I'm glad to say that my misgivings in my review of Book 3 of the series were premature and the author has created another intriguing and interesting story that isn't a repetition of the same formula as the preceding books. Most of the characters of previous stories return and part of the pleasure is finding out what happens to them next. I remain convinced that these books are best listened to in chronological order. There's more mysticism in this book as Cathbad, the Druid friend of forensic archaeologist Ruth Galloway, plays a big part in the story. A minor criticism is that an author who takes care to get her scientific facts correct, makes the error of thinking that viruses and fungal infections are treated with antibiotics.

I'm enjoying the series and am galloping through them in my eagerness to follow the lives of the characters who seem so real.

The narrator does the author proud in bringing the characters to life and is consistent in her accents across the books.

Read more Hide me

4 of 4 people found this review helpful

See all reviews

Customer Reviews

Most Helpful
2 out of 5 stars
By karen on 24-11-12

Changing, evolving, genre....

I loved Elly Griffith's first book so much that when the second came out, I bought it right away -- something I almost never do. I usually wait for a second-hand copy to become available. I enjoyed the second book, and the third, too, but not as much. This one? Not at all. The author has subtly changed genre, and this doesn't interest me anymore.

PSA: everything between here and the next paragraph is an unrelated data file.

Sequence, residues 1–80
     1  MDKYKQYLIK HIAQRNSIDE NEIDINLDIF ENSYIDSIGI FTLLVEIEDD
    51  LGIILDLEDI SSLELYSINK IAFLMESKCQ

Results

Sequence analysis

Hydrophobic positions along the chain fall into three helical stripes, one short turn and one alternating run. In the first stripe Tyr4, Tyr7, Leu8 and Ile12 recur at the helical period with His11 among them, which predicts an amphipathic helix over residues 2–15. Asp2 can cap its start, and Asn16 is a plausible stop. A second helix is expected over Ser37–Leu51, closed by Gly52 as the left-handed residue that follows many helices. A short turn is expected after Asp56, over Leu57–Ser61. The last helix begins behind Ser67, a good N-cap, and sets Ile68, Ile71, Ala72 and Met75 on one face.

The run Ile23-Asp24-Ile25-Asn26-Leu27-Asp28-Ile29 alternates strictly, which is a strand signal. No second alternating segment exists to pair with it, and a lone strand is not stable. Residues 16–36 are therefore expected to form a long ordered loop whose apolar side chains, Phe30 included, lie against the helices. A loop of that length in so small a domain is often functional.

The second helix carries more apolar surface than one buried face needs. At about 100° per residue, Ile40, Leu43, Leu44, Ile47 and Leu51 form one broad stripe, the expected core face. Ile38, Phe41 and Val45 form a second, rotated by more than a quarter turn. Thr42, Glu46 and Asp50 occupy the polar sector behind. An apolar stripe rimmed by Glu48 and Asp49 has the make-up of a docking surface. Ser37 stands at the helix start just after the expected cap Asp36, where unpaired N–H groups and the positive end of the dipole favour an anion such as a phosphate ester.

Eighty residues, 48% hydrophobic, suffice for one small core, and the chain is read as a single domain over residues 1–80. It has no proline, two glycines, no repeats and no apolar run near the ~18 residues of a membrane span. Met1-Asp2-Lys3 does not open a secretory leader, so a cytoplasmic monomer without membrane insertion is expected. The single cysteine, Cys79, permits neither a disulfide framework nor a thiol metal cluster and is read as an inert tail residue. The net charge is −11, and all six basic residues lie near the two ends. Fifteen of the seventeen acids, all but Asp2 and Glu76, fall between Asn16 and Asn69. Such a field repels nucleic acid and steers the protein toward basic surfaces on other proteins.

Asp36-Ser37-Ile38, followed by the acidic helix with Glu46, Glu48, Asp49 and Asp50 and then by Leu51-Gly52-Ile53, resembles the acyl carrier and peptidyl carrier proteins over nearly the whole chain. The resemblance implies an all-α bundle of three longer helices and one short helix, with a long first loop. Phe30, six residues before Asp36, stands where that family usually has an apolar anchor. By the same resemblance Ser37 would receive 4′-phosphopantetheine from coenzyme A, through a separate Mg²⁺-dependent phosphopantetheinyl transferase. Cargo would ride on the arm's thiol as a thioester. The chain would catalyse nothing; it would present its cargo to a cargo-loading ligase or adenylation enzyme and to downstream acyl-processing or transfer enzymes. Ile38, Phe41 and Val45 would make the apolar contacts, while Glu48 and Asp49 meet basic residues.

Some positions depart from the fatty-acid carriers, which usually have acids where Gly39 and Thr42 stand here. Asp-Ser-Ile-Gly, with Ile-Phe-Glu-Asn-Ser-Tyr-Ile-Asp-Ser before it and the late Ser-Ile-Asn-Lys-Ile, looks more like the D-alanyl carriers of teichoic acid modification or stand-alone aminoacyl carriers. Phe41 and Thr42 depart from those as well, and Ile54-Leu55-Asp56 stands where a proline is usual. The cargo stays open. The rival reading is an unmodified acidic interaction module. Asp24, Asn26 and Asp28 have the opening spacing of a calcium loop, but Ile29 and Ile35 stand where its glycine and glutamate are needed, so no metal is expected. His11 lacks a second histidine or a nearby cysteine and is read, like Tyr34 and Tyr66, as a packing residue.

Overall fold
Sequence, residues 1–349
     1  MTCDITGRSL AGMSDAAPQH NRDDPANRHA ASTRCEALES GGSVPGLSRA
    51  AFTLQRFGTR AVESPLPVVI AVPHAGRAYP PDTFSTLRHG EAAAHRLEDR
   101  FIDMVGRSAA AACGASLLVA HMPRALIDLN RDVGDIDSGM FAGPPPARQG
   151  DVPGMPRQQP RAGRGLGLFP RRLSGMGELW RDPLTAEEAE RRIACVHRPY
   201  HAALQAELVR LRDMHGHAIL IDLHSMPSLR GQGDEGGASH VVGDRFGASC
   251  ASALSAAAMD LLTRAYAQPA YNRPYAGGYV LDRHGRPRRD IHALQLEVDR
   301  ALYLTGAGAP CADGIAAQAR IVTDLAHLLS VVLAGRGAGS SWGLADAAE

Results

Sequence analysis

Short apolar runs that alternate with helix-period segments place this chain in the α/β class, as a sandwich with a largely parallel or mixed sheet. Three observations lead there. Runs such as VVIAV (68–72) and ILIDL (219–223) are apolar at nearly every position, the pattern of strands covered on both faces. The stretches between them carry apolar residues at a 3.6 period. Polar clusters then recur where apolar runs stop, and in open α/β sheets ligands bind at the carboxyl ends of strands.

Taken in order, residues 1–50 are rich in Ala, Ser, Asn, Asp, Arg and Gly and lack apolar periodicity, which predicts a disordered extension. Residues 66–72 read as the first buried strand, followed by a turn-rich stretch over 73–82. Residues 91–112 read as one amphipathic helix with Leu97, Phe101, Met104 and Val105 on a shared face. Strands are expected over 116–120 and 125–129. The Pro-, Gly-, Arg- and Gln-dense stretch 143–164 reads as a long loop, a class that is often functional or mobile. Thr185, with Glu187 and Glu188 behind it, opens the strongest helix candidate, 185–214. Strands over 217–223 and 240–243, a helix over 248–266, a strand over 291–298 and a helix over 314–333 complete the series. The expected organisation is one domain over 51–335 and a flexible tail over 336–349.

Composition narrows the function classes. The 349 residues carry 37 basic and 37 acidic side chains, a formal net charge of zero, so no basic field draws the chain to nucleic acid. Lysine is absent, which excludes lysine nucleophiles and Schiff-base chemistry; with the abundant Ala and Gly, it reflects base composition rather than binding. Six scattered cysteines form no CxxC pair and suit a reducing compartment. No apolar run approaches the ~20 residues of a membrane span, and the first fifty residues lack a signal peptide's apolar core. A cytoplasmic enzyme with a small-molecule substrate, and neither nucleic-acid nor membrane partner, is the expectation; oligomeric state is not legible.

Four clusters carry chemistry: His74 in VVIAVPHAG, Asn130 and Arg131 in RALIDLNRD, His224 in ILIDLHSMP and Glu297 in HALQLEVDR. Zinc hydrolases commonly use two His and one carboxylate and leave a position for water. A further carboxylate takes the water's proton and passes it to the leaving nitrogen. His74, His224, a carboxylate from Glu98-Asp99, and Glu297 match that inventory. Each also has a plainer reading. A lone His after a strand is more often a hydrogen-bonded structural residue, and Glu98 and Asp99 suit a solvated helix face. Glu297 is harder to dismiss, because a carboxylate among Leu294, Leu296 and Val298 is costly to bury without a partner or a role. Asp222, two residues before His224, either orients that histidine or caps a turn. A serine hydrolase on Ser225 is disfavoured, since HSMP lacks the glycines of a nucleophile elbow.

The earlier books focused on Ruth Galloway, an archaeologist and single mother, which was an interesting combination, and meant a mystery focused on ancient remains, their origins and what might have occurred. The series has now taken off in a different direction. Now the focus is equally on one of the other characters, Cathbad, a Druid, and now seems to center on his occult beliefs, rituals, super powers and abilities. We still get Ruth dealing with her young daughter, but the emphasis has definitely changed.

In reading other reader's comments, I understand that many love this new direction, the Druidical hocus-pokus, the spells and charms. I don't. I liked the more traditional detective tale involving ancient remains and what happened to them.

It's all a matter of taste -- this book with its phantasmagorical storyline just wasn't interesting to me. I won't bother with subsequent books.

Read more Hide me

13 of 13 people found this review helpful

2 out of 5 stars
By Meep on 22-08-16

This is where I stop